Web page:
In late 2019, journalist and author Louisa Lim found herself standing on top of a Hong Kong skyscraper as a band of calligraphers painted a giant protest slogan onto a bolt of fabric. The journalist, who had grown up in Hong Kong, found herself torn. She was there in a professional capacity, chasing an interview – her role was supposed to be that of observer. But as she watched the group working, using ink and fabric to fight for their shared home town, she was compelled to pick up a brush and join in.
Indelible City: Dispossession and Defiance in Hong Kong is an ambitious project and a grand achievement, blending reportage and memoir to tell the story of a city caught between two competing narratives. It makes sense that the book begins with an image of calligraphy written large enough to be seen from far away. Much of Indelible City is dedicated to the exploration and dissection of words – not simply their literal meanings, but the gaps between them, their malleability – and what they say through how they are written and where they are displayed.
Threaded throughout the book is the story of Tsang Tsou-choi, the “King of Kowloon”. Tsang believed that a vast swath of land had been stolen from his family by the British in the 1800s and, starting in the 1950s, dedicated his life to a graffiti campaign of calligraphy detailing his claim. With only two years of formal schooling, says Lim, “his shonky, wonky characters laid bare all the flaws and idiosyncrasies a proper calligrapher would have tried to suppress”.
Indelible City demonstrates the power of words in ways readers might not expect. Lim explores the use of calligraphy as a power move, as a marker of culture and intelligence, as protest, as art. As she digs through Hong Kong’s history, taking apart the British story that Hong Kong was simply a “barren rock” before colonisation, and the mainland narrative that it was just another Chinese city, Tsang comes to stand as an embodiment of the Hong Konger spirit – of the struggle to carve out its own story and identity.
Lim grapples with her own identity and position throughout the book. While her reportage, research and interviews offer up facts and insights, it is her personal lens that makes the book so impactful. From the first pages, when she joins the activists in painting protest slogans, she is taking a stance. Though authors often don’t have a say in how their book is packaged, it is unlikely to be a coincidence that yellow – the colour of the pro-democracy movement – is the only colour to feature on Indelible City’s cover. Nor that it features Chinese characters spelling out heung gong ga yau (Hong Kong, add oil), a popular protest slogan. But Indelible City doesn’t aim to persuade readers to one side or the other – it’s a book that seeks truth in a history littered with twisted words and political agendas.
Indelible City is filled with interviews, as well as Lim’s memories of growing up in Hong Kong and working as a reporter during some of the most fraught periods in the city’s recent history. She visits historical sites and interviews archaeologists. She speaks to politicians and artists, to activists and lawyers. She identifies the gaps in official stories and attempts to fill them.
In one of the most striking sections, Lim comes across a collection of interviews conducted across the 1980s and 1990s, kept confidential until 30 years had passed from the last incident described. They illuminate the deals and conversations in the lead-up to Hong Kong being handed back to China – and most pertinently, show how Hong Kongers themselves were kept out of discussions concerning their future. She outlines how locals raised their – now seemingly prophetic – fears that Beijing wouldn’t keep their promises about Hong Kong being afforded autonomy, that vague wording and lack of time lines would keep the door open to the erosion of freedoms. Despite this, the joint declaration – the agreement that shaped Hong Kong’s fate after the handover – ended up only being slightly longer than this review. “There were no mechanisms to monitor or ensure Chinese compliance, and the agreement rested on Beijing’s acting in good faith,” Lim writes.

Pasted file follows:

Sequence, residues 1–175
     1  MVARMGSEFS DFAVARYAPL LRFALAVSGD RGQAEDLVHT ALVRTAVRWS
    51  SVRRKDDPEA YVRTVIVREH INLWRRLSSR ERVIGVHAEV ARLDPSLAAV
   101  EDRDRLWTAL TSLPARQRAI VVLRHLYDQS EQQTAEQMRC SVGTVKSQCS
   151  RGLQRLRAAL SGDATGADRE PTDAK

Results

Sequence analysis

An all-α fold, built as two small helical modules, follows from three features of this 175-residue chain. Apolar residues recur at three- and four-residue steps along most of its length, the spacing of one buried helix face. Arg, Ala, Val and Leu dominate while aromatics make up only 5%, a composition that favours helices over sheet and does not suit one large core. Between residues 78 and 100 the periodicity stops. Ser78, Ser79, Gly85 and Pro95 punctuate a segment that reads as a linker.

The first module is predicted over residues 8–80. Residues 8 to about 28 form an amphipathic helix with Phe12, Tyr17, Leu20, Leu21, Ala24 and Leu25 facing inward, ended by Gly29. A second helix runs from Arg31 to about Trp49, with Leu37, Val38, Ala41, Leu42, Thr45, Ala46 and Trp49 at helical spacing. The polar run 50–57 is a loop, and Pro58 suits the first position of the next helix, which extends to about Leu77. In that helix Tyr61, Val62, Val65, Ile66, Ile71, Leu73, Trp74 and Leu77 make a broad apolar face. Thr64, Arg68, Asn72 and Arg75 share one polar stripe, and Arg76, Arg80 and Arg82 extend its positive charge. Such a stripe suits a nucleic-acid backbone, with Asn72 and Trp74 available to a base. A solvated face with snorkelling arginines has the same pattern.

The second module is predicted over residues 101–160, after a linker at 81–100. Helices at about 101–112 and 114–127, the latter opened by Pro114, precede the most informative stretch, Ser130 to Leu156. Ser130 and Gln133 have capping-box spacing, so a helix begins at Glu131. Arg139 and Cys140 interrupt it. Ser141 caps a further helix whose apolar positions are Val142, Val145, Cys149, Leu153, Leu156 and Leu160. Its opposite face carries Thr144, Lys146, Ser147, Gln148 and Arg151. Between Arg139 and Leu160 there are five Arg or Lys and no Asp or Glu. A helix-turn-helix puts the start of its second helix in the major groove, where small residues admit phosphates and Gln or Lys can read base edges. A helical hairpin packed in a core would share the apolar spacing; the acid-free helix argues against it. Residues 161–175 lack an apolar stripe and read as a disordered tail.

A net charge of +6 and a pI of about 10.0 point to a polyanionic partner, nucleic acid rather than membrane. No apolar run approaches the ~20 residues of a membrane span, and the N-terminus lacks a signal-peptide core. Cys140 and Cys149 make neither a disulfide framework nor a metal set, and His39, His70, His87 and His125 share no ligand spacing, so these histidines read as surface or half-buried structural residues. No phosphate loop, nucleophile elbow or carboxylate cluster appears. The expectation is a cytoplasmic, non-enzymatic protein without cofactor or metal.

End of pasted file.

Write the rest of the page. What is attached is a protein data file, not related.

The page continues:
My first instinct was to call this a timely book – and it is – but in some ways it would have been just as timely had it been released in 1997, when Hong Kong was handed back to mainland China. It would have been timely in 2014 when the fight for universal suffrage in the city kicked off the Umbrella Movement, or in 2019 when millions took to the streets to protest against a proposed extradition law and to fight for more rights. As Lim lays out in her book, Hong Kong is a city marked by struggle and peaceful protest, and its people have fought to keep whatever independence they can to maintain the Hong Konger identity.
What makes this book urgent is how in the past few years Hong Kong has rapidly moved from a mostly free city to authoritarian rule. This new reality bookends Indelible City. Lim begins with an author’s note explaining how the national security legislation introduced in June 2020 poses such a threat that she has changed and removed names and details in order to protect some of the people she spoke to. The epilogue looks at how the city – once a refuge for those escaping political persecution – has now been silenced. She lists arrests for crimes that are almost laughable. The king is gone, the protests have stopped and self-censorship keeps thoughts silent. In Hong Kong now, words – spoken and written – are dangerous.
Text Publishing, 320pp, $34.99
This article was first published in the print edition of The Saturday Paper on May 28, 2022 as "Indelible City: Dispossession and Defiance in Hong Kong, Louisa Lim".
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